Sam Simmons: Fail, Soho Theatre, London
Friday 22 July 2011
It's a tricky task that the Australian comedian Sam Simmons has set himself – showing the lighter side of suicide. He's prepared for failure, of course, that's what brought him to the point of despair in the first place.
The back story of this show is easily explained on paper but the neurotic jumble of comic effects Simmons employs to tell it means that the gravity of the premise ultimately becomes featherweight, lost in gimmickry and goofery, much of which appropriately teeters on the pass/fail margin.
The central conceit has the moustachioed clown playing a gameshow against his own mind. Many of the questions are amusing non sequiturs, "In which town was Tony Blair built?" runs one. "Is it wrong to feed your cat a Viennetta?" enquires another. At other times, we get the feeling of a mind turning in on itself, as it reminds him of past indiscretions and embarrassments.
In between questions, Simmons occasionally leaps up and performs a cheesy dance – this might be a loopy variation on the gameshow theme called "carpet or floor?" that sees him skip between the two surfaces. Quite often it feels as if he is merely posturing for easy laughs. "Ball of Wool" and "Little Key, Little Pocket" are ditties that require no more than those lyrics; pretty twee stuff.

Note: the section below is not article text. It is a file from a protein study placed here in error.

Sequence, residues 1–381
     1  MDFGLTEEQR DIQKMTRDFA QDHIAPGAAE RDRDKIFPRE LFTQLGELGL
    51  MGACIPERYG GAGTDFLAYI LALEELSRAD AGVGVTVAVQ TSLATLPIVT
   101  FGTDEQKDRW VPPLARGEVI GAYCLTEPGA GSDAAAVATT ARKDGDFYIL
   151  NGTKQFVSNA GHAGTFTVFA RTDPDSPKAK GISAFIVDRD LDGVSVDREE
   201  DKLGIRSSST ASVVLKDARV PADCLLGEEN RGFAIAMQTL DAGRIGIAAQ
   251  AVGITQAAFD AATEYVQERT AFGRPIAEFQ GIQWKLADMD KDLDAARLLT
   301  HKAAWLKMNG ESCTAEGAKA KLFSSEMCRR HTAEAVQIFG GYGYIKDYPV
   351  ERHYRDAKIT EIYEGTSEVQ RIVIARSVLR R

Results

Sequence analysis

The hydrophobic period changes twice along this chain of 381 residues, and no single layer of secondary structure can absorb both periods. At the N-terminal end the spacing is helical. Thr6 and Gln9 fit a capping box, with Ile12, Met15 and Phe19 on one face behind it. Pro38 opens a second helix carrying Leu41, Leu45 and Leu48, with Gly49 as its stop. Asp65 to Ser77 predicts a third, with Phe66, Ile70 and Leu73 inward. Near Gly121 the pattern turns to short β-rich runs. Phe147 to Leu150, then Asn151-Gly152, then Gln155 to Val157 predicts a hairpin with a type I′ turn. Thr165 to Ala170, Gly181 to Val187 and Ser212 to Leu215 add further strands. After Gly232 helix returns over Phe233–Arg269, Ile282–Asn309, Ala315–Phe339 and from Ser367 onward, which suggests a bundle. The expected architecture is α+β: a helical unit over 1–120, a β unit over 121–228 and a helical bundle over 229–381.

A list of loves and hates hangs either side of Simmons throughout like two columns supporting the show's theme. Such lists are a tried-and-tested device from which stand-ups can juice some quick gags and Simmons duly obliges, laying into cabbages as being "Satan's lettuces" and riffing on couples taking over pavements. In between his bêtes noires and the morsels of happiness listed at the end (soap bubbles, breasts and men dressed as a hotdogs are among his salvations), he explains that he has recently suffered a period where his failures made him entertain suicide. The explanation comes midway through the show, almost too late to enable it to hang together. Meanwhile, the pay-off of Simmons's likes list marks the final shift to the tangible from the absurd. While engaging as a whole, the show's texture is flawed, pleasantly floundering with neither narrative nor abstract rhythm to drive it successfully to a coherent destination.
To 30 July; then Edinburgh Fringe Festival with his new show, 'Meanwhile' (www.samsimmons.com.au)
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